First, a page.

... and extends to foreign estate taxes ...
However, the first position (No. 15121) was expressly waived by Vlabel's supplement to Position No. 21042 on Aug. 18, 2021. Vlabel accepts that foreign estate taxes are also eligible for a credit, where the term "inheritance tax" will be interpreted to mean "any tax levied because of death".
In doing so, Vlabel expands its position in accordance with the Federal Administration's decision, for both movable and immovable property, given the general wording in the position. Vlabel no longer makes a distinction according to whether the tax is levied directly and globally on the estate or personally and individually on the beneficiaries of each part. This means that the credit therefore also applies, for example, to the British Inheritance Tax and the American Estate Tax. In the example of the testator who bequeaths a property in the United Kingdom worth EUR 1 million to his son , the son will no longer owe any additional inheritance tax in the Flemish Region on the UK property.
... after which the Flemish legislator also follows ...
After publication of this (supplemented) position, expectations were high that the Flemish legislator would also remedy this situation soon. This expectation is now finally a reality. On October 10, 2022, the Flemish government submitted a draft decree anchoring the position (Parl. St. Flemish Parliament 2022-23, no. 1440/001).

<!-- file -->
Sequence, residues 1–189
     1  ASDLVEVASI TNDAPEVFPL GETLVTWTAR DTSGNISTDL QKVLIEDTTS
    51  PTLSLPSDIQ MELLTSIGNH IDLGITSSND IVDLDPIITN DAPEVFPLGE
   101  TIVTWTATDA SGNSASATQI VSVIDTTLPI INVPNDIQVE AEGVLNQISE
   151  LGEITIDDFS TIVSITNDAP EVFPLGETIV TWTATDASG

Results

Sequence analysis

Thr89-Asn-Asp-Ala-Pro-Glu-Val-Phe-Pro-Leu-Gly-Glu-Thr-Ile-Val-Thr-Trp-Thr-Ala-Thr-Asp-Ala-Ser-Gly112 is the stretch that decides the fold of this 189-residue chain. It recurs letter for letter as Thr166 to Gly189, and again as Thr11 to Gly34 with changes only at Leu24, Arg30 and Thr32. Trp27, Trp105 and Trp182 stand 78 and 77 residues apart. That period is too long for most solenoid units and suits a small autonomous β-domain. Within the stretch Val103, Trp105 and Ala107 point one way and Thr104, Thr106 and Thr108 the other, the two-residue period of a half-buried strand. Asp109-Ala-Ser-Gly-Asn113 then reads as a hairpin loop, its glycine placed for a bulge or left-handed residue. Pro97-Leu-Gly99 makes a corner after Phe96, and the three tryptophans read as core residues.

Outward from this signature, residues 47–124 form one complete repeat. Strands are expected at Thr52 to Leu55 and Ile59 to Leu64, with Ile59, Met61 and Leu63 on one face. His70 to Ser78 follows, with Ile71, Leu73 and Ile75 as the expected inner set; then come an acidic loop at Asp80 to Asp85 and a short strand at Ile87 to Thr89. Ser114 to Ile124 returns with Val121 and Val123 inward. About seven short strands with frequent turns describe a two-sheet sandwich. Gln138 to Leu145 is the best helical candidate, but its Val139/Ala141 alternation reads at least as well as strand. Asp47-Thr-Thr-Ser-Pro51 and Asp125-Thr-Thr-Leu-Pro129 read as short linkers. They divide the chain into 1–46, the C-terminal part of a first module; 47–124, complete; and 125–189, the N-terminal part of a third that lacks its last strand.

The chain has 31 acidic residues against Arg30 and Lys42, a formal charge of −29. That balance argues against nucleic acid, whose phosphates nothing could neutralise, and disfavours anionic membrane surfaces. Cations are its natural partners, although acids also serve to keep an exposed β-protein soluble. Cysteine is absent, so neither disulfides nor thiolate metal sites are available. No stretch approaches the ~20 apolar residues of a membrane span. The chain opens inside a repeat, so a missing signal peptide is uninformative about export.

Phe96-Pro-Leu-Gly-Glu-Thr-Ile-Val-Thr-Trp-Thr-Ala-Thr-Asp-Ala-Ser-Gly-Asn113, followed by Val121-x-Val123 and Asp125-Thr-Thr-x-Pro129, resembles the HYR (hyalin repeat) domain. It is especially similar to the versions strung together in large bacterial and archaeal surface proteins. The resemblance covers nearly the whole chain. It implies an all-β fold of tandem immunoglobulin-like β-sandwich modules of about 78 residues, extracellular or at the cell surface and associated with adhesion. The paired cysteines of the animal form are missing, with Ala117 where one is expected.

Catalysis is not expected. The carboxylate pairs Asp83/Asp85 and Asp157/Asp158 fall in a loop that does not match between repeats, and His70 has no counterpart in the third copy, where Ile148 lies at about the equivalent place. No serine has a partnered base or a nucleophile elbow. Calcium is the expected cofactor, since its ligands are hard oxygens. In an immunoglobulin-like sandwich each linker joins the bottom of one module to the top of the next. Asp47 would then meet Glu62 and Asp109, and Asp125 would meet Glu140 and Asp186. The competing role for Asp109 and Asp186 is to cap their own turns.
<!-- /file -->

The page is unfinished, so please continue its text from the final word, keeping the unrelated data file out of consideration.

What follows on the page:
Not only does the draft now extend the credit of foreign inheritance tax to all foreign property, both movable and immovable. From now on, the credit would apply to foreign inheritance tax levied in any country, and thus not only to inheritance tax paid in the country of location of the property in question. This takes into account both the current international context, and the less unambiguous localization of movable property. The latter is therefore only to be welcomed.
The draft is currently under further consideration by the Commission. Once approved, it is expected to enter into force definitively ten days after publication in the Belgian Official Gazette.
... but leaves a gap
However, the draft does not seem to cover the regime of foreign estate taxes. On this point, therefore, the decree seems to be flawed at first glance. Indeed, the draft decree does not clarify whether only inheritance tax in the strict sense is meant, or "any tax levied because of death" as mentioned in position 21042, including foreign estate taxes.
It would be helpful if the legislator would enshrine position 21042 in its entirety and literally , thus allowing the crediting of "any tax levied by reason of death.
Please note that the rules have not yet been amended in the Walloon Region. In Brussels, the legislator has amended its legislation, but limited the possibility for a credit to inheritance tax paid in the country of location of the property in question (which differs from the flemish proposed legislation). Foreign estate taxes are not explicitly coverd by legislation, but the federal position EE 80.587 is still applicable.